I've changed so much in the past 2 years and 11 months. And I'm really happy, content and proud of who I am becoming. And the best feeling is that I'm not afraid to show it anymore. It's a nice feeling.
The following what I hope I am portraying to my children. Because so much of this whole process is about them, for them and because of them. Without my babies, I wouldn't be who I am today. And I like what's happening. I kinda love it actually.
-Soaring Eagle (owner at www.dreadlockssite.com)
dreads are freedom. they are deep personal and intimate connection to
the true self, the earth, to life force of the universe. dreads are a
connection to the true self because all your lifes experiences are
recorded in your hair. when the hairs locked all experiences intercept
all others creating a oneness that can be called wisdom. they are
pure natural beauty. they allow you to be your most natural self, free
from the artificial cosmetic reality of grooming and dressing to impress
makeup and fashion reality
you are simply you. nothing more. nothing less.
dreads are strength and healing.
lets look for a second at anorexia and body image issues that come from, pressure to be perfect, and sensitivity to what others say (youre fat
and worthless. ugly etc etc etc.) when you dread you must stop caring what others
think and only find the strength to know your true worth. and true
beauty does not require validation from shallow narrow minded people.
dreads give you confidence in yourself. in your worth. in your beauty and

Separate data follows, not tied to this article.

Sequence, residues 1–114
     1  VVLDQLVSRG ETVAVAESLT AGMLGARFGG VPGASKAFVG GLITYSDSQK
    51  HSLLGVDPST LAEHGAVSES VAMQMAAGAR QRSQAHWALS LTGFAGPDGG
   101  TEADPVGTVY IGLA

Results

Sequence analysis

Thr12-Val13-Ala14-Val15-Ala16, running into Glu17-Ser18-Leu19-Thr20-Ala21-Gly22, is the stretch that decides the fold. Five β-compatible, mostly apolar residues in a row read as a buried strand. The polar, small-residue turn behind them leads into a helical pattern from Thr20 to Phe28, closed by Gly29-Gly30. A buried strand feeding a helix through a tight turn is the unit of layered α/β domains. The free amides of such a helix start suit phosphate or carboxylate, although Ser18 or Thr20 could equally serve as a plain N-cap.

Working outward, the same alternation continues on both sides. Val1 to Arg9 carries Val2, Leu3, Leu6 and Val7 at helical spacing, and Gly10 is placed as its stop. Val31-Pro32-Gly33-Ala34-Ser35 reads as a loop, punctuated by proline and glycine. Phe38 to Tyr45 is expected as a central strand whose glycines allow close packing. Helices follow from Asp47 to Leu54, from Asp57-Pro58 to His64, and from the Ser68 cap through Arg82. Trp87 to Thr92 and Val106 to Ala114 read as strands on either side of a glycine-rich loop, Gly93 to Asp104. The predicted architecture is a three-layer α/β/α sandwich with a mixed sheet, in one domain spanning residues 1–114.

value. and that your true value does not lie in your looks but in your
heart. dreads literally are wearing your heart on your sleeve. letting your
soul shine forcing people to look deeper within you...or look away.. it
repels the shallow while attracting the deep..
to dread you invite criticism. you gain the strength to not be so hurt
by ignorance. you find your own bliss and in that bliss you are
protected and cannot be easily harmed by the misery of others
As for my kids?
My kids have learned how to respond and react to both the negative and the positive comments that I get about my hair. The littles will pat my hair or play with my dreadlocks while saying 'Mama beautiful'. The older kids will smile and laugh and usually start a conversation that is pretty opinion seeking. Just because they are teenagers, I suppose. They gotta get a jab in here and there.
But, they have all learned by example.
So, in a nutshell. I started my dreadlock journey to teach me patience, acceptance, and letting go of the little things. Picking my battles. Whats important and what isn't. And it's going really well. I feel a better parent. I know I'm calmer and more patient. I feel things so much deeper and with more thought. It has truly been a journey of me. A look inside my soul. And of who I really am, who I want to be and what I want my children to learn from me.
What did I 'do'? Nothing. No chemicals. No hairbrushes. I use baking soda, apple cider vinegar and peppermint essentials oils on it about twice a week. Every other day, or whenever I'm bored and just watching TV, I separate the locks so they don't 'congo'. If you don't tear them apart they can all grow together and that would be really difficult to care for.
And that's it. Simple and beautiful.
Now, if I could just kick the ocd-ness of always having to have my house clean and picked up, I would be complete :) Oh well, I'm definitely a work-in-progress.